What's Wrong With Chelsea?

As Chelsea prepare to face Blackpool, one fan reckons that if they don't want a return to their 90s slump they are going to have to start supporting and inspiring their youth - both on and off the pitch.
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I was back in the UK last weekend. I was there ostensibly to see my newly born nephew, but as luck would have it Chelsea were at home to Everton in the FA Cup, and a mate of mine had bagged me a ticket in the Matthew Harding end. I was hoping for my return that Chelsea would put on something resembling a half-decent performance, but instead they lost, on penalties – AGAIN – after 120 minutes in which the current league champions were made to look like ponderous mid-table cloggers by one of the few teams in worse form than them. I got to see close up just how devoid of confidence and ideas the team is, how out of form so many key players are, and how one-dimensional the play is. I’ve seen this before and no doubt I’ll see it again, but while our plight won’t (understandably) generate any sympathy, these days it creates tabloid headlines and heated radio talk show debate, so I thought I’d stick my oar in.

Much has been made of Ray Wilkins’ sacking, and how since then we’ve not been the same team, but frankly that’s been overplayed. Chelsea’s problems are more prosaic than the sacking of one coach: we have a thin, ageing squad, and one that cannot play two times a week and expect to win trophies. In any case, Wilkins’ could easily be replaced by one of any number of coaches, and it’s hardly as if the players would have been surprised; whatever the reason was for that specific sacking, Chelsea have always had a habit of binning off coaches in the loudest, most needlessly aggressive way possible. In my time going to games I can only think of Glenn Hoddle and Guus Hiddink who departed without some combination of acrimony, big headlines and an even bigger pay-off. (Even Eddie McCreadie in the late 70s fell to the same disease, after a row over a company car, just after having got Chelsea promoted from Division Two – with Ray Wilkins as his captain.) The team has carried on doing well despite this, but that’s because the players were so strong, and so well drilled by the men who run the dressing room that games could be won without tinkering too much with the trophy-winning formula that José Mourinho introduced.

However the core players from Mourinho’s team are now definitively passed their peak, and there isn’t enough new blood coming through. Former key players like Michael Ballack and Ricardo Carvalho were sold off without adequate replacements, and this is symptomatic of another classic Chelsea problem: there absolutely no faith in the products of our youth system, even after having spent a fortune nicking on some of them from other clubs. In the midst of our worst form in well over a decade the club decides to loan out Daniel Sturridge and Gael Kakuta to other Premier League outfits, while a midfield crying out for some dynamism and urgency has hardly seen anything of Josh McEachran, a player who has put in some cracking performances when he’s been given the chance. As a consequence we’re putting out the same old, tired 11 more or less every game, with the only substitutions available like-for-like swaps between Salomon Kalou and Nicolas Anelka. This distrust of youth appears to be club policy – on and off the pitch – and Ancelotti is giving no sign of bucking that trend. That shouldn’t be surprise either, mind you; in Italy players are considered ‘prospects’ until they’re about 26, and only exceptional players get a chance at the top clubs. (In fact Italy is a country that doesn’t trust youth in general, but that’s a whole other article.)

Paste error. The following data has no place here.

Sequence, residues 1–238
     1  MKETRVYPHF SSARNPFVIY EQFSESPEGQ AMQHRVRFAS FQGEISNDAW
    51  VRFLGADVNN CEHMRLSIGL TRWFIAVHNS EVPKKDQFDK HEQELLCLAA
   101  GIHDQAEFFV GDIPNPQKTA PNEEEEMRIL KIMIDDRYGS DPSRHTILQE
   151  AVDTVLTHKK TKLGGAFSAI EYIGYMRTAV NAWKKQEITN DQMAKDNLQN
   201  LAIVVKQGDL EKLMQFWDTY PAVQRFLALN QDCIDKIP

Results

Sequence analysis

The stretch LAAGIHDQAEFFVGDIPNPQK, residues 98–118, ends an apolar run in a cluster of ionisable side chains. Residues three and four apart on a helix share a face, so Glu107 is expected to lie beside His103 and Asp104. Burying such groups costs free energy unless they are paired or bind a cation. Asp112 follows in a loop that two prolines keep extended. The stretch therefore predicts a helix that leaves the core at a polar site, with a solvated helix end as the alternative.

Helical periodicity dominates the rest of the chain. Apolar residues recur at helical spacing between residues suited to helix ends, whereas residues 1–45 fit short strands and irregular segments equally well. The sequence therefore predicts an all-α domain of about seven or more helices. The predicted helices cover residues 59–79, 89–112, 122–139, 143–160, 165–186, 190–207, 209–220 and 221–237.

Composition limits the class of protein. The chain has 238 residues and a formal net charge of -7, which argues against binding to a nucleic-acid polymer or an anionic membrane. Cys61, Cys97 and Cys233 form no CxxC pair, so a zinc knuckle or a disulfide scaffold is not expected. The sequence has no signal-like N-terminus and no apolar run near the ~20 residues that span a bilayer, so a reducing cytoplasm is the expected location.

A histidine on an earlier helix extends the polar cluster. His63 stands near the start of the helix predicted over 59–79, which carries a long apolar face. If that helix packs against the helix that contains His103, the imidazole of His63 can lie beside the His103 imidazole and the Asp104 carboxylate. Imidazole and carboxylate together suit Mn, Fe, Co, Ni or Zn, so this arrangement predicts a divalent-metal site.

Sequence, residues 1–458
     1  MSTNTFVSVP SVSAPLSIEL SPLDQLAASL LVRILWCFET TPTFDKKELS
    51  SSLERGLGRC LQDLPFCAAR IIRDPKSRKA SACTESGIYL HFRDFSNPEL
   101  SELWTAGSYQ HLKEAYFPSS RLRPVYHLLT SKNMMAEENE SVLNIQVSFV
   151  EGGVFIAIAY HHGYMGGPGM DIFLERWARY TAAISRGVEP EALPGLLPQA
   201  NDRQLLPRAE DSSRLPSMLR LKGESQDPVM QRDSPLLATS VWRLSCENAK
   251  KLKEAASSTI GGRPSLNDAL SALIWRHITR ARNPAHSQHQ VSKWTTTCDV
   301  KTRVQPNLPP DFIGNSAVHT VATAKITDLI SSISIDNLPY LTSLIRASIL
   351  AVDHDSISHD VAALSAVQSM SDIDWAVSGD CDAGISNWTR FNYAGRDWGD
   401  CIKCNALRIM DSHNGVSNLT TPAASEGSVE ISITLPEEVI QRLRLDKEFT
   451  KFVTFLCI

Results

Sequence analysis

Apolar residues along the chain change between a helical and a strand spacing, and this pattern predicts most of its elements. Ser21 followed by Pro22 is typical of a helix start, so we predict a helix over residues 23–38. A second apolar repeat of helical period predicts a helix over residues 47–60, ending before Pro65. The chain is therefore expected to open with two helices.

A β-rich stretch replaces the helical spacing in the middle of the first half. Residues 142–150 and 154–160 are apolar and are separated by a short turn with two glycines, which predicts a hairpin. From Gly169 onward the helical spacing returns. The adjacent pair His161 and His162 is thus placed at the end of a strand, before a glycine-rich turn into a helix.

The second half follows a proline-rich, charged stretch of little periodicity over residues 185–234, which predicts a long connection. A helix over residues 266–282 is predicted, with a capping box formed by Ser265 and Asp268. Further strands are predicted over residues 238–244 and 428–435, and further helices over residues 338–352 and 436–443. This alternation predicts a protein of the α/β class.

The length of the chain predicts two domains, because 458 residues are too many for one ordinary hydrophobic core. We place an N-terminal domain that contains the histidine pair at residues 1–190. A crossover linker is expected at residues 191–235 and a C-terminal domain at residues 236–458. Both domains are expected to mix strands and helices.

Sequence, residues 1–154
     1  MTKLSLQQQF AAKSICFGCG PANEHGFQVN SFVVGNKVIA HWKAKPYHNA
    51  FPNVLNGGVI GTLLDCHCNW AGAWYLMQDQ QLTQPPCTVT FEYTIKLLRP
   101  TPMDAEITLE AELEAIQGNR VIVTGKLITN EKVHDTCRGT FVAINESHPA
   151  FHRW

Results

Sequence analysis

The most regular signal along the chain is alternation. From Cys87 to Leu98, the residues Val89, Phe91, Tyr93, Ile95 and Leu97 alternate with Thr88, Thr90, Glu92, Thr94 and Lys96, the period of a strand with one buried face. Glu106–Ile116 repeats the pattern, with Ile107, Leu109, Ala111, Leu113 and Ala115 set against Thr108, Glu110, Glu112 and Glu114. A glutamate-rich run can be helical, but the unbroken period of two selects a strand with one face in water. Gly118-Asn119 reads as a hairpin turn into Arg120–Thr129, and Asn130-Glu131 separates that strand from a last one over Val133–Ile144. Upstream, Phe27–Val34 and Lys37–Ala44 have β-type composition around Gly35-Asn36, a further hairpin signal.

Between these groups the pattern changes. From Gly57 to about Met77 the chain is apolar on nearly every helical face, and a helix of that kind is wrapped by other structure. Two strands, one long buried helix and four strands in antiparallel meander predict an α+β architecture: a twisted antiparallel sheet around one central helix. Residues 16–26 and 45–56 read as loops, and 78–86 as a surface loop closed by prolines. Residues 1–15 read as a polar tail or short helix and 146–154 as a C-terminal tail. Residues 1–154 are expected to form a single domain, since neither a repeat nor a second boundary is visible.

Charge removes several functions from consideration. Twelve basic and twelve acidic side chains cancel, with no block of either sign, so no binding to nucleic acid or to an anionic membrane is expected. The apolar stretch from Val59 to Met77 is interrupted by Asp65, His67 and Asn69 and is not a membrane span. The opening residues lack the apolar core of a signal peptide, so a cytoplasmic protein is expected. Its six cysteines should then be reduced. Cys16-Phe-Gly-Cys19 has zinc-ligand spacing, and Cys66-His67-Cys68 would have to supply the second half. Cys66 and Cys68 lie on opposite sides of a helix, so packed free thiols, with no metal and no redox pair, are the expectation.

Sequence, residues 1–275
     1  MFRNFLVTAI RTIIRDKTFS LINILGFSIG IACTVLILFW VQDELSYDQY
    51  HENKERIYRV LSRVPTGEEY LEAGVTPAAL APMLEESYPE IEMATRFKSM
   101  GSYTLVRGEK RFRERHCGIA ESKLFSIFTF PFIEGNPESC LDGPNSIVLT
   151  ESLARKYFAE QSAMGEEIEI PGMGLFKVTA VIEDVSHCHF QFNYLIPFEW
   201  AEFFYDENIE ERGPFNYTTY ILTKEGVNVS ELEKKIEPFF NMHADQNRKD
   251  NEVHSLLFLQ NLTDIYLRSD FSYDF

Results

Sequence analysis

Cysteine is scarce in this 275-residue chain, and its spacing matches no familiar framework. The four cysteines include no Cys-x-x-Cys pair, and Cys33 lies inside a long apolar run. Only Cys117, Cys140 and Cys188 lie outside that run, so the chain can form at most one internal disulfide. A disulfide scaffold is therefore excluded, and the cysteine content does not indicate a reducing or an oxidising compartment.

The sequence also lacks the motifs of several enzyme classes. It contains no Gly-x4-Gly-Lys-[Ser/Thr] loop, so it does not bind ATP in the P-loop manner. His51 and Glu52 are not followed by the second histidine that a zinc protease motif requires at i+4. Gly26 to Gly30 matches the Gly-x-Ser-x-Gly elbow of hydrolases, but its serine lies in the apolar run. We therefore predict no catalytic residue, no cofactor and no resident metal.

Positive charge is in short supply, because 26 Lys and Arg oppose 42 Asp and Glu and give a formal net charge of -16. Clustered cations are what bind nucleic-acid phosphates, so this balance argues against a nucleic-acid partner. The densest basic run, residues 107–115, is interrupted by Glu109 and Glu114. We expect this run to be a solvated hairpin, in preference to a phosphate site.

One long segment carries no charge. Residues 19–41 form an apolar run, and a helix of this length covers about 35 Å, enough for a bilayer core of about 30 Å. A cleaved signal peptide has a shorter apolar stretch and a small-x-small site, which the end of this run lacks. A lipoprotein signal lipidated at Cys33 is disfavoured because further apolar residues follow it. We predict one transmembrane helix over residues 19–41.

This is a crucial time for the club though, on and off the pitch: once this team goes south, the floating fans who might stump up £50+ for Copenhagen at home will not be coming back if we don’t keep doing well. While we’ve been experiencing the best football ever played at Stamford Bridge the club has done absolutely nothing to attract the young fans who will be the future of our support, and who will stick with it when times are rough. The average age of a match-going Premier League fan is 38, and I would guess that where I used to sit it would be even higher; I’m 29 and on Saturday was probably the youngest in my block, with most being at least 10 years older. These people cut their football watching teeth in the late 70s and early 80s, and go because they always have done. Once that lot go however, there’s hardly anyone out there who will be able to stump up the outrageous sums charged at English grounds, so the club has a choice to make: either they make sure that Chelsea keep winning by investing huge money again (and risk being hung out to dry by the Financial Fair Play regulations), or start seriously planning for the future of the club, so that when things do inevitably take a turn for the worse, we’re not back to where we were in the early 90s. Given our history I think I, and many other jaded Chelsea fans, know which one we’d put our money on.

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